Five Bathers II 16%22 x 16%22

Richard Kooyman ‘Five Bathers’ 16″ x 16″ oil 2016


John Berger said that anyone passionate about painting “had to come to terms with the mystery, the achievement, the failure or the triumph of Paul Cézanne’s life’s work.”  I certainly did. I had to come to terms with his dark and strange early paintings. Paintings even he thought were not very good. Paintings that drove his long time encourager, Emile Zolla, over to Manet.

Cézanne never sold a painting to a patron until he was 35. Other artists mocked both him and his work.  But he persisted and by the time of his first retrospective in Paris in 1907: Exposition retrospective d’oeuves de Cézanne, a year after his death, he was the most famous painter of the age. He had become the painter every artist has to come to terms with.
It’s been said that you can read a Cézanne by what he had visual knowledge of. A delicate detail of a part of an apple was something the painter knew, another less defined area was something he was unsure of.  My ‘Five Bathers’ 16″ x 16″ while not an exact painterly reproduction is a physical copy of Cézanne’s original. Making a copy of a Cézanne painting  has not only been a way for me to understand Cézanne, but also to play with Eliot’s idea of changing history. Cézanne’s new ideas about painting changed the ideas of the past. Can rejuvenating an visual idea of Cézanne’s change the present?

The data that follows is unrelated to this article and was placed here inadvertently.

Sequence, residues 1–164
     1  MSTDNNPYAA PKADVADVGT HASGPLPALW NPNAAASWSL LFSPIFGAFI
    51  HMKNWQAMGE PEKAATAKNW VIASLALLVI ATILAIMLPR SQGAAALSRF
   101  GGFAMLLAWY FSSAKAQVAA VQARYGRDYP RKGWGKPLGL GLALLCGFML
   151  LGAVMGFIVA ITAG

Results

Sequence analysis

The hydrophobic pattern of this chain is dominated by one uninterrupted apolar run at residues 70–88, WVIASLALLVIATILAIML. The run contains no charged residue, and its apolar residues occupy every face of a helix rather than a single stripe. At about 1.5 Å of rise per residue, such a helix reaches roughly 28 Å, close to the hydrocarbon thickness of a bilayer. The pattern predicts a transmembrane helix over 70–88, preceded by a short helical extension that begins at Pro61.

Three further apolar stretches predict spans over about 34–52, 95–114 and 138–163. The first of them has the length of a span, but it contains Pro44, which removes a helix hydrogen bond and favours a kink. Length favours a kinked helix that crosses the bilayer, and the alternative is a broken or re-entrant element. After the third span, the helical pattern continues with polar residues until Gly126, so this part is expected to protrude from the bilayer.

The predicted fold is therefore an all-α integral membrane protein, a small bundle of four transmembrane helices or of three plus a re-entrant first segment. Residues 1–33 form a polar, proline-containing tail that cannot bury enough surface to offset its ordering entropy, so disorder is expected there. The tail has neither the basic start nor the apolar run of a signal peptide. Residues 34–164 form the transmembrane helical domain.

“..the most satisfactory creations are those which like Piero’s and Cézanne’s remain ineloquent, mute, with no urgent communication to make, and no thoughts of rousing us with look and gesture. If they express anything it is character, essence, rather than monetary feeling or purpose. They manifest potentiality rather than activity. It is enough that they exist in themselves.”  Bernard Berenson

“All objects in this world have hidden meanings. All of them, I thought- people, animals, trees, stars- are hieroglyphics. Bravo, and also woe, to whoever begins to divine what they say and give them voice. The moment you see these objects, you fail to comprehend; you believe that they are just people, animals, trees, stars. It is only years later, much too late, that you approach the hidden meanings.”   Zorba the Greek